In the first instance, a better understanding about the control of Australia's rural land and water assets would be beneficial. The Foreign Investment Review Board examines proposals by foreign interests for investment in Australia against the background of the government's foreign investment policy. However, even the FIRB acknowledges that many land and water asset purchases may fly below the disclosure thresholds, therefore avoiding scrutiny.

From this perspective, it is appropriate that the government's program to strengthen transparency of foreign ownership of rural land and agricultural food production is allowed to run its course before any policy decisions are made in this complex area; as long as it is completed in a timely manner.

This two-track approach involves the Australian Bureau of Statistics and the Rural Industries Research and Development Corporation, which will in turn work with the Australian Bureau of Agricultural and Resource Economics and Sciences to undertake the program.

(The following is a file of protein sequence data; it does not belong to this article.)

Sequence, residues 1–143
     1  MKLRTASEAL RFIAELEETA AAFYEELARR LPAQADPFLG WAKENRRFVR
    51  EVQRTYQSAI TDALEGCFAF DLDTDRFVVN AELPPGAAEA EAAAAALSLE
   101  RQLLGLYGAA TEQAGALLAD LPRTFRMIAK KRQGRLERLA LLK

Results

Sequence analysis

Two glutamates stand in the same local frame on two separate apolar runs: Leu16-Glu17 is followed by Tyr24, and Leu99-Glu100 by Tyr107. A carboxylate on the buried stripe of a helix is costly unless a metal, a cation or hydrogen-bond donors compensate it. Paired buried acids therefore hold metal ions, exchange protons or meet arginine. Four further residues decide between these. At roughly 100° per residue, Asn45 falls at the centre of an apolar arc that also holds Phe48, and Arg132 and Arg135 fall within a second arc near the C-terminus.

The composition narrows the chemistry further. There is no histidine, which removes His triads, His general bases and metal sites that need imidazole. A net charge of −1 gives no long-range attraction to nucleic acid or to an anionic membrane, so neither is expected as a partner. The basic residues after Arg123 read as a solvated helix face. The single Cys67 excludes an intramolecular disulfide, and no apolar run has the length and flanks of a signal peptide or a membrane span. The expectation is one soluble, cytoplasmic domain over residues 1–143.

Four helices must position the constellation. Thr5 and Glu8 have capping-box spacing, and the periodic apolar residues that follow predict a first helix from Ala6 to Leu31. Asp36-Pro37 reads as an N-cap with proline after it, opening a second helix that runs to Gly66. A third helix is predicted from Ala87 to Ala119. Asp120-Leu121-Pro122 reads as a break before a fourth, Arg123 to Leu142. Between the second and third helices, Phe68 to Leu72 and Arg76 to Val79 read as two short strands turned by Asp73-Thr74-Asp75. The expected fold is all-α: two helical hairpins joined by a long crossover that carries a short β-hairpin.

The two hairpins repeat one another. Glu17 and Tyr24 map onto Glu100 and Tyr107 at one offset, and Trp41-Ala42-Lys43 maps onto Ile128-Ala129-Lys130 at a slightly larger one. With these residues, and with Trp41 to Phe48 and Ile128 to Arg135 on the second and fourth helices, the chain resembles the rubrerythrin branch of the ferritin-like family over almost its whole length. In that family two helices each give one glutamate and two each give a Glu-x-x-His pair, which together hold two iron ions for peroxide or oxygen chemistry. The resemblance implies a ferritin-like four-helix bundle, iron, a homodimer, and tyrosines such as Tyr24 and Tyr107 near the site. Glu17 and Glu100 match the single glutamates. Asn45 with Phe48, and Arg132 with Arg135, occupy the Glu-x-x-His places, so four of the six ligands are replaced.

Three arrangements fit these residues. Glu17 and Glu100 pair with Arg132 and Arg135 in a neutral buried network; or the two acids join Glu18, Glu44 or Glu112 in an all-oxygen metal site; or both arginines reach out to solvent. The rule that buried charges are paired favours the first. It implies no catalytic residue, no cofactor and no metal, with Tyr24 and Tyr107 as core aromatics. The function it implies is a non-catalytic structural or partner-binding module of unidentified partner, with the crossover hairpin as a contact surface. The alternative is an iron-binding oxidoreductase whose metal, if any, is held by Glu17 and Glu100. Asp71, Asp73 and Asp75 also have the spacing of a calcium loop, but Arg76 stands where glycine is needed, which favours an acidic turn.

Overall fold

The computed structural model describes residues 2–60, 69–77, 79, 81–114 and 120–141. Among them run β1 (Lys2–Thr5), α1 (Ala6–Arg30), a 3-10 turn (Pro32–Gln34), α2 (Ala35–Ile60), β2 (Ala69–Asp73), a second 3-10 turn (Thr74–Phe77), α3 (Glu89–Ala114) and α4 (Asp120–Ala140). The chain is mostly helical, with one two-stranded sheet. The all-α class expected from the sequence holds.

There must also be assurances from government that foreign investment, or indeed investment from any source, does not undermine the existing marketing mechanisms and pricing transparency needs of Australian farmers where these underpin farm gate price determination.

Finally and importantly, if there is one thing that this recent trend does demonstrate, it is that Australia needs to establish a clear food policy of its own. Other nations are well ahead of Australia in this regard and are taking steps to ensure the needs of their domestic populations are secured in the long term.

Australia, as a net food exporter, has rested on its fortunate position for too long and taken a she'll be right approach. Now is the right time to get on the front foot and get clarity on where we want to head as a successful food-producing nation. We're pleased that this process has started with the development of the government's national food plan.

Ultimately, we want to see more, not less, investment in Australian agriculture for the benefit of our industry, but we need to be very clear about the motives.

Jock Laurie is president of the National Farmers Federation.